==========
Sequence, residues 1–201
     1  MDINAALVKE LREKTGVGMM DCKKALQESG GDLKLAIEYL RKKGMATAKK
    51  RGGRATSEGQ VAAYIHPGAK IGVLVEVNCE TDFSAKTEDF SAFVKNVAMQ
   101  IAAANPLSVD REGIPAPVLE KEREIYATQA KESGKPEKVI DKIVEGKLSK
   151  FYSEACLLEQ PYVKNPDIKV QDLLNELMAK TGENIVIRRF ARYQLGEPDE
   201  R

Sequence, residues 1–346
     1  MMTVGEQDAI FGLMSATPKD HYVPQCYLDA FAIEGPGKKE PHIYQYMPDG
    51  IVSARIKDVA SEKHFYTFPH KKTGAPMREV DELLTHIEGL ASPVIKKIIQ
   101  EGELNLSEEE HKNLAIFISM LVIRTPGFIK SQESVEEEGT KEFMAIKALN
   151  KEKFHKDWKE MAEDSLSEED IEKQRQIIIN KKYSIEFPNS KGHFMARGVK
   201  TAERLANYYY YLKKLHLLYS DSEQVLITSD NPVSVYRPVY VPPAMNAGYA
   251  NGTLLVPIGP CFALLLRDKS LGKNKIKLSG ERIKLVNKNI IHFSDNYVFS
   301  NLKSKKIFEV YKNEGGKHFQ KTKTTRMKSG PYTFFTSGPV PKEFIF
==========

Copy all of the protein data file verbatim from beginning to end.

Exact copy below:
Sequence, residues 1–201
     1  MDINAALVKE LREKTGVGMM DCKKALQESG GDLKLAIEYL RKKGMATAKK
    51  RGGRATSEGQ VAAYIHPGAK IGVLVEVNCE TDFSAKTEDF SAFVKNVAMQ
   101  IAAANPLSVD REGIPAPVLE KEREIYATQA KESGKPEKVI DKIVEGKLSK
   151  FYSEACLLEQ PYVKNPDIKV QDLLNELMAK TGENIVIRRF ARYQLGEPDE
   201  R

Sequence, residues 1–346
     1  MMTVGEQDAI FGLMSATPKD HYVPQCYLDA FAIEGPGKKE PHIYQYMPDG
    51  IVSARIKDVA SEKHFYTFPH KKTGAPMREV DELLTHIEGL ASPVIKKIIQ
   101  EGELNLSEEE HKNLAIFISM LVIRTPGFIK SQESVEEEGT KEFMAIKALN
   151  KEKFHKDWKE MAEDSLSEED IEKQRQIIIN KKYSIEFPNS KGHFMARGVK
   201  TAERLANYYY YLKKLHLLYS DSEQVLITSD NPVSVYRPVY VPPAMNAGYA
   251  NGTLLVPIGP CFALLLRDKS LGKNKIKLSG ERIKLVNKNI IHFSDNYVFS
   301  NLKSKKIFEV YKNEGGKHFQ KTKTTRMKSG PYTFFTSGPV PKEFIF